Empty corporate shells in tax havens undermine tax collection in advanced, emerging market, and developing economies

Tax avoidance is a big problem Governments are facing nowadays. “A large proportion of the world’s stock of foreign direct investment is “phantom” capital, designed to minimise companies’ tax liabilities rather than financing productive activity” claims Financial Times, introducing the results of a research on topic of tax avoidance.

The research, conducted by IMF and the University of Copenhagen, shows that a vast proportion of worldwide FDI passes through empty corporate shells” with “no real business activities”, and is a  mere vehicle for financial engineering. The aim is, as previously mentioned, minimising corporate financial taxes.

The study shows that phantom capital in percentage of total FDI has grown in the last decade. However, efforts have been done by governments and international organization on the topic. The European Commission has established new rules to eliminate the most common corporate tax avoidance practices.As of 1 January 2019, all Member States shall apply new legally binding anti-abuse measures that target the main forms of tax avoidance practiced by large multinationals”, we can read in the EU press release. Also, Google agreed today to pay 1 billion euros to French authorities to face the fiscal fraud that began four years ago; this may create a legal precedent for other large tech companies present in the country, Reuters said.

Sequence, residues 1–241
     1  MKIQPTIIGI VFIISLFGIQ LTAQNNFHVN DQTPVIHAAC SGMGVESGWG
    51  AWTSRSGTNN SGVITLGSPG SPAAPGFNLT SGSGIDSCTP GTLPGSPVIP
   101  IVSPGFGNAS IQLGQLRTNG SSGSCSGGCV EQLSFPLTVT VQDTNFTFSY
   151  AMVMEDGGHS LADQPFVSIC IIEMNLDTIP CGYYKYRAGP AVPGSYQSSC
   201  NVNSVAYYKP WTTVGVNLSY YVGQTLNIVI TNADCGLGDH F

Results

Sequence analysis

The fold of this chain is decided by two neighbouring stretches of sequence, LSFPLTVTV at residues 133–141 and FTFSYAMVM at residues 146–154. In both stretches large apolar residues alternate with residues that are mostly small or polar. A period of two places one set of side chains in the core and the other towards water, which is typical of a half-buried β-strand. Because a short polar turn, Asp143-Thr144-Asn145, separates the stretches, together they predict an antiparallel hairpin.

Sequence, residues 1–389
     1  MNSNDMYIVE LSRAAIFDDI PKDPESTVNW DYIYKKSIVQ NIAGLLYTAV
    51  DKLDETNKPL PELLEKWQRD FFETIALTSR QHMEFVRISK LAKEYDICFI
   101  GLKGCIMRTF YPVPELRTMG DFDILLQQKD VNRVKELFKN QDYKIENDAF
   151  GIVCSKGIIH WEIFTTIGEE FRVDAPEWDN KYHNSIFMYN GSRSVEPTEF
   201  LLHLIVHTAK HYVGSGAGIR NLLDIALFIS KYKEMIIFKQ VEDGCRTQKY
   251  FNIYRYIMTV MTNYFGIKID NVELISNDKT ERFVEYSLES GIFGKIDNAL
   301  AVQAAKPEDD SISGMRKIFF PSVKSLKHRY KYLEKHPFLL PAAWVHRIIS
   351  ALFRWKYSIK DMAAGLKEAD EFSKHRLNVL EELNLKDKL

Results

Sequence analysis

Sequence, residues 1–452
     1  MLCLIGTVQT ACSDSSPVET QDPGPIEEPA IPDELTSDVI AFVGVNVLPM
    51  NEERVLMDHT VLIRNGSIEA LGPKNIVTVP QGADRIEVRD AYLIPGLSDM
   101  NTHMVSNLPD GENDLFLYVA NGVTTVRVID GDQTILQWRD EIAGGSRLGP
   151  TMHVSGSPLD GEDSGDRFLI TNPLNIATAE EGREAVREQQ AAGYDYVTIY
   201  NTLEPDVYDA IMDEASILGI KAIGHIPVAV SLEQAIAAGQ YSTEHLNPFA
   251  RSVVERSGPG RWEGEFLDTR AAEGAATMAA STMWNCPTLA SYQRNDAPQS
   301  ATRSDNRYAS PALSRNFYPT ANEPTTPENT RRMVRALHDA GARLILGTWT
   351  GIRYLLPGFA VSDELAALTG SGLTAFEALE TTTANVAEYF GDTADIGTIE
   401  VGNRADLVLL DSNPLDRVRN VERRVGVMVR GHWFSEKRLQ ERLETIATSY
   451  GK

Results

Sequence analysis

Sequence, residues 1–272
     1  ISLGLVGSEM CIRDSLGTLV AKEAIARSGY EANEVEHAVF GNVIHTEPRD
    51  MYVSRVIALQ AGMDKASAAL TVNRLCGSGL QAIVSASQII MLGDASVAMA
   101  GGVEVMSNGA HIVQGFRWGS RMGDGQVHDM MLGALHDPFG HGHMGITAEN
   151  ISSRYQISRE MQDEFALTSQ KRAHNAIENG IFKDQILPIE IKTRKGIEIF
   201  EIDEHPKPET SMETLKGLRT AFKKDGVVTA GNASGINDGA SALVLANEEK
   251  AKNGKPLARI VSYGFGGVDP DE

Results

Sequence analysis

Apparently, efforts made aren’t enough. But, as the research shows, impacts of the problem are enormous. We expect it to be the next big problem governments should face in the proper way.

To download the study by the IMF and the University of Copenhagen, go at the follwoing link: https://www.imf.org/external/pubs/ft/fandd/2019/09/the-rise-of-phantom-FDI-in-tax-havens-damgaard.htm

For further information on the topic, see the articles listed below: